Someone had to warn us, that’s how we escaped the Ústí massacre by a hair’s-breadth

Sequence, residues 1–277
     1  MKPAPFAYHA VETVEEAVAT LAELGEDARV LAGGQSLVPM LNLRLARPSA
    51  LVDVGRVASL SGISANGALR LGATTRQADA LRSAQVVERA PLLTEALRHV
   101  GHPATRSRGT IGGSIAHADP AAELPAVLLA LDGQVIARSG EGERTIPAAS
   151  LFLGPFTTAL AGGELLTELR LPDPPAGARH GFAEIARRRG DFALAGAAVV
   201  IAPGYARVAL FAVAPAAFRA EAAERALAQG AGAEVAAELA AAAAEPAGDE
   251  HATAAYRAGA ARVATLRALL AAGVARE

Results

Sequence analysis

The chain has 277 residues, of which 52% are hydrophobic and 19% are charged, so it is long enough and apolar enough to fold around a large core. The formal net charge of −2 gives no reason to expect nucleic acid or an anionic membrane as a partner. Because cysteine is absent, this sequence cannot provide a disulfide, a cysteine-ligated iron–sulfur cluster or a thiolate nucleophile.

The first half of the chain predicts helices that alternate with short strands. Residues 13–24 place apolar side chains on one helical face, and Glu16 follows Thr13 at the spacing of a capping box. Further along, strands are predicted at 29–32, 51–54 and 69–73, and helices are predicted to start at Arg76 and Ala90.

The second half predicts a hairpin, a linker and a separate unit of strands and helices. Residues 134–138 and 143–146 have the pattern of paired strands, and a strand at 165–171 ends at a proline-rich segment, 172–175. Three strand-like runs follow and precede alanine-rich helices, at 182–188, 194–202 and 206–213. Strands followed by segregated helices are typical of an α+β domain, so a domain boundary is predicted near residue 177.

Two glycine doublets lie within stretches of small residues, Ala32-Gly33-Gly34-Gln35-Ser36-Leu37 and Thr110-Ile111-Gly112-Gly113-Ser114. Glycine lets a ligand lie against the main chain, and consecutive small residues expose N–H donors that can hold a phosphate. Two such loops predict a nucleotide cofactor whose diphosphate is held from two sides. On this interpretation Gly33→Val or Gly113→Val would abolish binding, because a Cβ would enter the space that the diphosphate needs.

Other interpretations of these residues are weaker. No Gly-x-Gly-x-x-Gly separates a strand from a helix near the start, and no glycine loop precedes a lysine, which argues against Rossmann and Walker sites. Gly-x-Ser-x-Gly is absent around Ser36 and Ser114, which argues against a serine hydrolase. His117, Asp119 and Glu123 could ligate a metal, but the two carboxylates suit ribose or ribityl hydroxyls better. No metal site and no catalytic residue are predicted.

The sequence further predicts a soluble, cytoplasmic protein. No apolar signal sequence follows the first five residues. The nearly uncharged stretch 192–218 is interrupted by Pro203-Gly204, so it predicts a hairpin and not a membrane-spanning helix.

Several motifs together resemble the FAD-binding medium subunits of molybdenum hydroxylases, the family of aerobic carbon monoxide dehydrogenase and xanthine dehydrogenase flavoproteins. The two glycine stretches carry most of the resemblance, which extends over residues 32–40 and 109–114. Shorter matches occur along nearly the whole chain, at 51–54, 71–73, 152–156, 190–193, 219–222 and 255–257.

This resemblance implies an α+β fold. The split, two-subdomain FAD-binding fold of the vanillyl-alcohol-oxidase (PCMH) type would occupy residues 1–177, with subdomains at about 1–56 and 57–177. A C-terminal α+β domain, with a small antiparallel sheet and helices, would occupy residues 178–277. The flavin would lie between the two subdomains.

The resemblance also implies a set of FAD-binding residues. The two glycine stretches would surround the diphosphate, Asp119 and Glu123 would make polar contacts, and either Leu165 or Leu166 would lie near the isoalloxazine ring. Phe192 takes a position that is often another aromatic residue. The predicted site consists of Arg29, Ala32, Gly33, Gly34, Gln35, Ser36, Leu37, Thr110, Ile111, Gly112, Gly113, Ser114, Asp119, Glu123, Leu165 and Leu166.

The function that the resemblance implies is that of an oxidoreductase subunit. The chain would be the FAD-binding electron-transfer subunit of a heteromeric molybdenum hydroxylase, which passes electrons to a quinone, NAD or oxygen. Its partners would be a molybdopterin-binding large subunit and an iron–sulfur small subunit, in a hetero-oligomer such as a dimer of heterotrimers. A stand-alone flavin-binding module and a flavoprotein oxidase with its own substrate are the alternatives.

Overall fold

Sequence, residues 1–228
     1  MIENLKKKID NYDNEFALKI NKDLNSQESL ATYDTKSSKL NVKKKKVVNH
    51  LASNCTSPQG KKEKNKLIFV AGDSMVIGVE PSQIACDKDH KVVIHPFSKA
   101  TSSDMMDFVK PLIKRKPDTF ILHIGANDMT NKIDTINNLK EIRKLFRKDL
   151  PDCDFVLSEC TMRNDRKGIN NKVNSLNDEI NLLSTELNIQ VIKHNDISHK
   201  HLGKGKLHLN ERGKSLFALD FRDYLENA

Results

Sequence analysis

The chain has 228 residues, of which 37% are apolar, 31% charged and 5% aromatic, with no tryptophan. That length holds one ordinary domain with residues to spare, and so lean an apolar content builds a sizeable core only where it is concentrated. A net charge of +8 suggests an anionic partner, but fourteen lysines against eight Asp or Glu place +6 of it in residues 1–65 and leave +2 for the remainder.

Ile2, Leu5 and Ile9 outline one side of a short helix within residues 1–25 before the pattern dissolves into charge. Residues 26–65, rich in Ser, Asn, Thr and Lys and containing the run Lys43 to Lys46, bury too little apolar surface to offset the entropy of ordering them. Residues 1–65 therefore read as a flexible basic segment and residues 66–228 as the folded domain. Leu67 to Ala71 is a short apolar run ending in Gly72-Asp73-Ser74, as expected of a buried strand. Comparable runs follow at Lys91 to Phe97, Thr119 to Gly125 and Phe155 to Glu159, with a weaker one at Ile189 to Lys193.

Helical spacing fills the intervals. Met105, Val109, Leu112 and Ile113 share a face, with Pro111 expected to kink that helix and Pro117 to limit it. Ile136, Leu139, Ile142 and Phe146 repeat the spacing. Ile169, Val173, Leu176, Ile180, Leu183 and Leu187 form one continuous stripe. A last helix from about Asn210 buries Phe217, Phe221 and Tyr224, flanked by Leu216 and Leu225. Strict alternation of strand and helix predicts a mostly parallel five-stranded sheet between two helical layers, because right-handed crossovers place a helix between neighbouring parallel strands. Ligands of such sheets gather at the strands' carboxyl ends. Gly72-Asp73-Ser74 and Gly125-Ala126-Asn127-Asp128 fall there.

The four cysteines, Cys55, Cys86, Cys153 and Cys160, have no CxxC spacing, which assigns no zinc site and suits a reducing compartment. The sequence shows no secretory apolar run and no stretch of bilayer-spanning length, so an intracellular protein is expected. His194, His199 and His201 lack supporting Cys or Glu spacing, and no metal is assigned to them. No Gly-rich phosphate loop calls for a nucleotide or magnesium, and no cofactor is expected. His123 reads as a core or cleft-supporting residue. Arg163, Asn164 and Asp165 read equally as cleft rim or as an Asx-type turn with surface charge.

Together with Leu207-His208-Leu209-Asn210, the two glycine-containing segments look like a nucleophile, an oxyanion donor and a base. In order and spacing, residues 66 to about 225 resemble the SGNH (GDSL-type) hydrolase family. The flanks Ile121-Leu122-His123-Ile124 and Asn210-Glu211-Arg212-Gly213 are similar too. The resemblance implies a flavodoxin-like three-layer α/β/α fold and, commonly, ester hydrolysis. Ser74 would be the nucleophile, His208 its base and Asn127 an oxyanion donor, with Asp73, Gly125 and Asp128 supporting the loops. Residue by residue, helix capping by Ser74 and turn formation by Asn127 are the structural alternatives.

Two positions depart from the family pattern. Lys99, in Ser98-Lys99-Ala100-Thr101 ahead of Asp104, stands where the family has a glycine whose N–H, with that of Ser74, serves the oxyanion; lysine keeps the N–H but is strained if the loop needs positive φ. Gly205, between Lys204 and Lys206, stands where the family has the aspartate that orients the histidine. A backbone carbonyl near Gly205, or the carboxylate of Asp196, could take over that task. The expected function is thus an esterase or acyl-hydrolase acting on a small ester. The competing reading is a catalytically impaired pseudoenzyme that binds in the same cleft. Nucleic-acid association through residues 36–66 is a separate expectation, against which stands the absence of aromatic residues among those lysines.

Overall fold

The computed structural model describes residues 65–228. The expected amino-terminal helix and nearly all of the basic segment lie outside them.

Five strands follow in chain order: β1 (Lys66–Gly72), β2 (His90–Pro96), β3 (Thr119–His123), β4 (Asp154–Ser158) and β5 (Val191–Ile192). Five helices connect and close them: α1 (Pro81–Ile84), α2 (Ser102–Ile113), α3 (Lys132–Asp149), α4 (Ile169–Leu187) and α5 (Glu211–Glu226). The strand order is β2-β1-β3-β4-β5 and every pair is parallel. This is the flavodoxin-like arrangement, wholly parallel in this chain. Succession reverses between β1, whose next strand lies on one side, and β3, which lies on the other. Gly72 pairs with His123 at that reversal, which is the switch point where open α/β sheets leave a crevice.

Astrid Pilz, née Hausmann, was born on 12 May 1940 in Ústí nad Labem. Her father Alfons Hausman was from a German landowning family from Litochovice (Lichtowitz in German). Shortly after Astrid’s birth, he was called to the front as a German. He and Astrid only met again when she was six years old. Her mother Ingeborg Hausman was from Prackovice (Praskowitz in German), also from a German landowning family. Astrid and her mother became indirect witnesses of the so-called Ústí massacre on 31 July 1945. In August 1945 they were deported via Dresden and Thuringia into Mecklenburg, which was in the Soviet occupation zone of Germany. Near the end of 1946 they met up with their father, who’d survived the battle of Stalingrad and captivity in a Siberian camp. Astrid began attending school in Rostock in 1947. In 1954 the Hausmanns decided to flee to West Berlin. After studying at the Free University of Berlin, she married the physicist Walter Pilze, also expelled from Czechoslovakia, and gave birth to a daughter. In 1963 she personally attended the speech of US president Kennedy in a divided Berlin. For her husband’s job they moved to Munich in 1969, where Astrid Pilz taught at a local grammar school. She only visited her homeland again with her parents in 1962 when visiting relatives. Today she has a home in the Bavarian town of Wolfratshausen.